N-Arachidonylethanolamide-Induced Increase In Aqueous Humor Outflow Facility

Thread starter #1
Ya Fatou Njie 1 ,
Zhuanhong Qiao 1 ,
Zhen Xiao 1 , 2 ,
Wei Wang 2 and
Zhao-Hui Song 1

- Author Affiliations

1From the Department of Pharmacology and Toxicology, University of Louisville School of Medicine, Louisville, Kentucky; and
2Peking University Eye Center, Beijing, China.


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Abstract

purpose. To study the effects of N-arachidonylethanolamide (anandamide [AEA]) on aqueous humor outflow and to investigate the existence and activity of fatty acid amide hydrolase (FAAH), an AEA metabolic enzyme in trabecular meshwork (TM) tissue.

methods. The effects of AEA on aqueous humor outflow were measured using a porcine anterior segment—perfused organ culture model. Western blot analysis was used to study the expression of FAAH, and a thin-layer chromatography—based approach was used to measure the enzymatic activity of FAAH in TM tissue.

results. Administration of AEA caused a transient enhancement of aqueous humor outflow facility. In the presence of 100 nM URB597, an FAAH inhibitor, the effect of 10 nM AEA on outflow facility was prolonged by at least 4 hours. The AEA-induced enhancement of outflow facility was blocked by SR141716A, a CB1 antagonist, and was partially blocked by SR144528, a CB2 antagonist. In Western blot studies, positive signals were detected on TM tissues with an anti-FAAH antibody. In the enzyme activity studies, the enzymatic activity of AEA hydrolysis was detected in TM tissues, and this activity was reduced with the addition of 100 nM URB597.

conclusions. Results from this study demonstrate that the administration of AEA increases aqueous humor outflow facility and that this effect of AEA involves CB1 and CB2 cannabinoid receptors. In addition, this study reveals the existence and the activity of FAAH, an AEA-metabolizing enzyme, in the TM tissues.
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Introduction

The major sites of actions for cannabinoid ligands are CB1 and CB2 cannabinoid receptors.1 2 The CB1 receptor is located in the central nervous system and in peripheral tissues, whereas the CB2 receptor is distributed primarily in the periphery.1 2 3 4

N-arachidonylethanolamide (anandamide [AEA]) was first isolated from porcine brain5 and was shown to bind to the CB1 and CB2 receptors, with a higher affinity for the former.6 7 This endogenous ligand has been reported to mimic many of the pharmacologic effects of Δ9-tetrahydrocannabinol, the major psychoactive constituent of marijuana.8 9

Since the original paper by Hepler and Frank10 in the early 1970s reported that subjects who smoked marijuana had reduced intraocular pressure, numerous studies exploring cannabinoids as possible antiglaucoma agents have been conducted.11 12 13 The discovery of CB1 and CB2 cannabinoid receptors in the eye supports a possible role of cannabinoid receptors in controlling IOP.14 15 16 17 Previously, several studies have shown that cannabinoid receptors are involved in the IOP-lowering effects of cannabinoid agonists.18 19 20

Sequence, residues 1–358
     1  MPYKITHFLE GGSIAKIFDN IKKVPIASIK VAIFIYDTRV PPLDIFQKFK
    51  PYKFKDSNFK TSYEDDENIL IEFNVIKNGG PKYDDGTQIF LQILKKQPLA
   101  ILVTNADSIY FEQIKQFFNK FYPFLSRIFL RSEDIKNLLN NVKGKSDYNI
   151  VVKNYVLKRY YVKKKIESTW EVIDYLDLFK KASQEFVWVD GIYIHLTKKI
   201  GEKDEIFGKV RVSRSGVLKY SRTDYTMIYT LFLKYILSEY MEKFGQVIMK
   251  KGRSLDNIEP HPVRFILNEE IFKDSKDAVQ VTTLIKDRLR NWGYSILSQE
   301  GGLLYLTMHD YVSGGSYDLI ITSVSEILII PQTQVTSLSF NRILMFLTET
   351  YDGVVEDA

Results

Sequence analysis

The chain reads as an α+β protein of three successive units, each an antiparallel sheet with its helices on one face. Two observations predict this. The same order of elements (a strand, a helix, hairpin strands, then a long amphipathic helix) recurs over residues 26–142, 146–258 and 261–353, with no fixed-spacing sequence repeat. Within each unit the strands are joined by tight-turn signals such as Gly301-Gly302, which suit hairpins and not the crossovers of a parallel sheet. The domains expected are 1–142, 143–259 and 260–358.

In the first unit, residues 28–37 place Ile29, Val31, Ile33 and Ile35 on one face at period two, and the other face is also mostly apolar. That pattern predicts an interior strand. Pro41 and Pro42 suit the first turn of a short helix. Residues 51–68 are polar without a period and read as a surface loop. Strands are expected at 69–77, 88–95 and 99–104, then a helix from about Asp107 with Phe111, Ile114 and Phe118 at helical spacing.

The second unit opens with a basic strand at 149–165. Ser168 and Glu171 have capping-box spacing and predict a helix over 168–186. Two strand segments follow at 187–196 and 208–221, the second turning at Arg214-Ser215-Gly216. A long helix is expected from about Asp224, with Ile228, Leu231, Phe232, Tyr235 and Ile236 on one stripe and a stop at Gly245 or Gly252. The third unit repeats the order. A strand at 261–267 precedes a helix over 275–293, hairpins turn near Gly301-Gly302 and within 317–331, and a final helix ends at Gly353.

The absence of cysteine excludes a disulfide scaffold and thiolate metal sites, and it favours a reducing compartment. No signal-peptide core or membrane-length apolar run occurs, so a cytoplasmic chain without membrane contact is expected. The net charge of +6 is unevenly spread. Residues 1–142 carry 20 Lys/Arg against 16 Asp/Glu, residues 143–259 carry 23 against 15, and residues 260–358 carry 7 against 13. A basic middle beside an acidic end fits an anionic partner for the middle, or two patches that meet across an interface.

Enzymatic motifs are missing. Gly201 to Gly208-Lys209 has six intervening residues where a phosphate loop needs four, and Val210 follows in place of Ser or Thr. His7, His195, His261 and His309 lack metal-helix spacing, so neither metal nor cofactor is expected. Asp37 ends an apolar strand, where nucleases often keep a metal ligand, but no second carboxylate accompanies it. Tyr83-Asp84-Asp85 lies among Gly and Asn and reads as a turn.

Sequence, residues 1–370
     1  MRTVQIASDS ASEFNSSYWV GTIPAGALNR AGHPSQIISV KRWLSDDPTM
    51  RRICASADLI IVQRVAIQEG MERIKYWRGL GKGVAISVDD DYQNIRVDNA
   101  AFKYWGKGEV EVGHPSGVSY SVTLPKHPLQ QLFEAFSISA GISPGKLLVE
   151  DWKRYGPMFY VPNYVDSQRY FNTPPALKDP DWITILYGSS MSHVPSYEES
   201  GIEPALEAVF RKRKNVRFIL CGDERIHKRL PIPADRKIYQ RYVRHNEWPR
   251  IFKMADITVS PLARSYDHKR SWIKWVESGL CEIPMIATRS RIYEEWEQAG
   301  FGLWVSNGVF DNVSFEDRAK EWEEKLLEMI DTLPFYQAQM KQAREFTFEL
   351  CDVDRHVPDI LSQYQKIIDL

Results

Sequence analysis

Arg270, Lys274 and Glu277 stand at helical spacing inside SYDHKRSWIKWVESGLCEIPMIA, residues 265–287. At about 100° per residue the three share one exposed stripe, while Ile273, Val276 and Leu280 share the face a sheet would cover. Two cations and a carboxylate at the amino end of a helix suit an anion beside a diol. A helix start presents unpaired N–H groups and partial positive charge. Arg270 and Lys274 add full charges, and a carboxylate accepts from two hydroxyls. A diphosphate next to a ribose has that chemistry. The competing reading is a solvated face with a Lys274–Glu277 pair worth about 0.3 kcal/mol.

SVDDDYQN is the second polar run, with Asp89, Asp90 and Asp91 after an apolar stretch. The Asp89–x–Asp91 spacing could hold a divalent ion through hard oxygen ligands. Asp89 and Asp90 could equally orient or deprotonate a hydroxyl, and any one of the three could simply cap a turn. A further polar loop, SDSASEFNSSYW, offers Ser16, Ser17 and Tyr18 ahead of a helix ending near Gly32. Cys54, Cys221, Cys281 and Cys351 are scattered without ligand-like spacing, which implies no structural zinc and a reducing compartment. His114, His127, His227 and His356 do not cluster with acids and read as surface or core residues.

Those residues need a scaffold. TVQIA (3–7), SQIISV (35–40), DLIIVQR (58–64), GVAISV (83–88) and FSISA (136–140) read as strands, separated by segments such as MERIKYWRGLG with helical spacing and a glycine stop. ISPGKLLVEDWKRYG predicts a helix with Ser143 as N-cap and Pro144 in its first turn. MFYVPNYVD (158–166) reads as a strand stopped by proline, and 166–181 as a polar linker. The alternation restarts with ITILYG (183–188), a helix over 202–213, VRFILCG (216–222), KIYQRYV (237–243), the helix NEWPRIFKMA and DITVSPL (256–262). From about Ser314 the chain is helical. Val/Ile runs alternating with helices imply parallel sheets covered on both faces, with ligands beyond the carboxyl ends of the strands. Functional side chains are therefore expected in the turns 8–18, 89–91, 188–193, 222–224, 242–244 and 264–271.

Topical administration of AEA to rabbit eyes has been shown to lower IOP in a dose-dependent manner.21 22 However, the mechanism by which AEA produces its IOP-lowering effects is not yet known. IOP is maintained by a dynamic balance between the secretion of aqueous humor by the ciliary body and the outflow of aqueous humor by the conventional (trabecular meshwork [TM]) and uveoscleral route. The TM is the major site for aqueous humor outflow and thus is important for the regulation of IOP. In our recent studies, we demonstrated that the administration of CB1-selective or CB2-selective cannabinoid agonists enhances aqueous humor outflow through the conventional (TM) pathway and that this aqueous humor outflow-enhancing effect involves the CB1 and CB2 cannabinoid receptors.16 17 Interestingly, in a previous study, endogenous AEA has been detected in the TM tissues of human eyes.14 Based on the results of these previous studies and the fact that AEA is a nonselective cannabinoid agonist with affinity for CB1 and CB2 cannabinoid receptors, we hypothesized in this study that by acting on cannabinoid receptors, AEA may enhance aqueous humor outflow in the anterior segments.

AEA has a short duration of action in vivo.23 24 25 26 27 The cellular actions of AEA is terminated by the enzyme fatty acid amide hydrolase (FAAH),23 24 25 26 27 which hydrolyzes it to arachidonic acid and ethanolamine (Fig. 1) . The presence of FAAH has been reported in a variety of ocular tissues.28 29 30 However, thus far the existence and activity of FAAH have not yet been examined in the TM tissues. Thus a second hypothesis of this study was that active FAAH protein may be present in the TM tissues.
Figure 1.
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Figure 1.